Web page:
To plot trajectories, we had to first disaggregate the dataset to determine whether each of the hackers in our sample defaced at least one website each week for the 52 weeks following their first defacement. Upon completion, we employed latent group-based trajectory modeling to determine if, and how many, unique criminal trajectories exist. Results are presented in Figure 3. We found that new hackers follow one of four patterns: low threat (28.8%), naturally desisting (23.9%), increasingly prolific (25.8%), and persistent threat (21.5%). Hackers classified as low threat (blue line) engage in very few defacements and do not increase their attack frequency within one year of their first attack. Those labeled as naturally desisting (red line) begin their careers with velocity, but this is short-lived. Conversely, those classified as increasingly prolific (green line) engage in more attacks as they advance in their criminal careers. Finally, those deemed as persistent threats (yellow line) begin their careers with velocity and remain prolific. To our knowledge, we are the first to plot the trajectories of new malicious hackers.
Figure 3. The one-year trajectory of new malicious hackers.
After plotting the trajectories, we employed a series of regression models to determine if open-source intelligence and digital artifacts can be used to predict the evolution of a new hacker's criminal career. Contrary to our expectation, we found politically driven hackers are at an increased odds of naturally desisting. While these hackers may engage in a high number of attacks at the onset of their career, this is short-lived. We suspect eager new hacktivists simply lose sight, or get bored, of their cause. Conversely, new hackers who post their contact information directly to the compromised site are at a decreased odds of naturally desisting. Tagging a virtual crime scene with contact information is a bold move. We suspect these hackers are rewarded for their boldness and initiated into the hacking community, where they continue defacing websites alongside their peers.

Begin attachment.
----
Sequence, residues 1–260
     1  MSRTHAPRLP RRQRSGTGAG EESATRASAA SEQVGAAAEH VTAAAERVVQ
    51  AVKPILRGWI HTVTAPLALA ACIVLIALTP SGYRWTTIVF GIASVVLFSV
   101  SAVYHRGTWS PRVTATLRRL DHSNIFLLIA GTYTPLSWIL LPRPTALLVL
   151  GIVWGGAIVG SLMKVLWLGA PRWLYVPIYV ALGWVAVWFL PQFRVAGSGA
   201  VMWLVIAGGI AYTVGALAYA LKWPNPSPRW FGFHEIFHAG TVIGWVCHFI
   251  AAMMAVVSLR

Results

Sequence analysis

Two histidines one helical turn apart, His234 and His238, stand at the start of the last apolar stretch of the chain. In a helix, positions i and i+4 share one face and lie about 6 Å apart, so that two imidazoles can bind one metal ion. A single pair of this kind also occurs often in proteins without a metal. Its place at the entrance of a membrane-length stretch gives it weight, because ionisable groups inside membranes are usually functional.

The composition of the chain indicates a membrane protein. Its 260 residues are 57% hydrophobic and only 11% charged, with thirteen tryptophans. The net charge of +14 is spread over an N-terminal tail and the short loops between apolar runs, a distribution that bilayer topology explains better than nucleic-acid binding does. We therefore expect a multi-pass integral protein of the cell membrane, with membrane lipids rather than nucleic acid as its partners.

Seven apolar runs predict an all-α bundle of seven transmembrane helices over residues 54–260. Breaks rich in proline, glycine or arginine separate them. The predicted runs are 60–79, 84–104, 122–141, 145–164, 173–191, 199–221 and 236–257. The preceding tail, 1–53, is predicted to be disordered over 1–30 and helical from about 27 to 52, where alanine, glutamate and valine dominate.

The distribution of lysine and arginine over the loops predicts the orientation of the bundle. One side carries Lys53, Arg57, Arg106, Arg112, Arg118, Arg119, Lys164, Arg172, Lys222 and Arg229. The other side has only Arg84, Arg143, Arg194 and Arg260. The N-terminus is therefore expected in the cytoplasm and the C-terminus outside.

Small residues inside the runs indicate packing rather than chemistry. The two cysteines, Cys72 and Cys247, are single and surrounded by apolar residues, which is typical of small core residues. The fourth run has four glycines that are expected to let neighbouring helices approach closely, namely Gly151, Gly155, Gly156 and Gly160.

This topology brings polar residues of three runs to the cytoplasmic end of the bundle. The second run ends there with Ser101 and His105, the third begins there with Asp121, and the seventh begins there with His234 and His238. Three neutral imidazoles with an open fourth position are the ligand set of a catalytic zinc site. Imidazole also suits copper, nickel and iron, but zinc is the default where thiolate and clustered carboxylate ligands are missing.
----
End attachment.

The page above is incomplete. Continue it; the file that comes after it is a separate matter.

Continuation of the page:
Different patterns emerged when predicting who will become a persistent threat. We found that social media engagement and reporting defacement activity to other platforms increase the odds of being a persistent threat. This may boil down to commitment: hackers committed to building their brand by posting on multiple platforms are also committed to building their brand through continual and frequent defacement activity. The most interesting, yet also intuitive, patterns emerge when predicting who will become increasingly prolific. We found that hackers who report to other platforms and indicate team involvement engage in more attacks as they progress in their career. Joining a hacking team is a valuable educational experience for a new hacker. As a novice hacker learns new skills, it is no surprise they demonstrate their capabilities by defacing more websites.
Taken together, these findings offer insight into the development of proactive cybersecurity solutions. We demonstrate that open-source intelligence can be used to predict which hackers will become persistent threats. Upon identifying high-risk hackers, we believe the next logical step is to launch early intervention programs aimed at redirecting their talent toward something more constructive. Recruiting young hackers for cybersecurity positions could create a safer cyberspace by filling the nation’s skills shortage while simultaneously removing persistent threat actors from the equation.
This work was conducted alongside several members of the Evidence-Based Cybersecurity Research Laboratory. We thank Cameron Hoffman and Robert Perkins for their continual involvement on the hacking project. For more information about our team of researchers and this project visit https://ebcs.gsu.edu/. Follow @Dr_Cybercrime on Twitter for more cutting-edge cybersecurity research.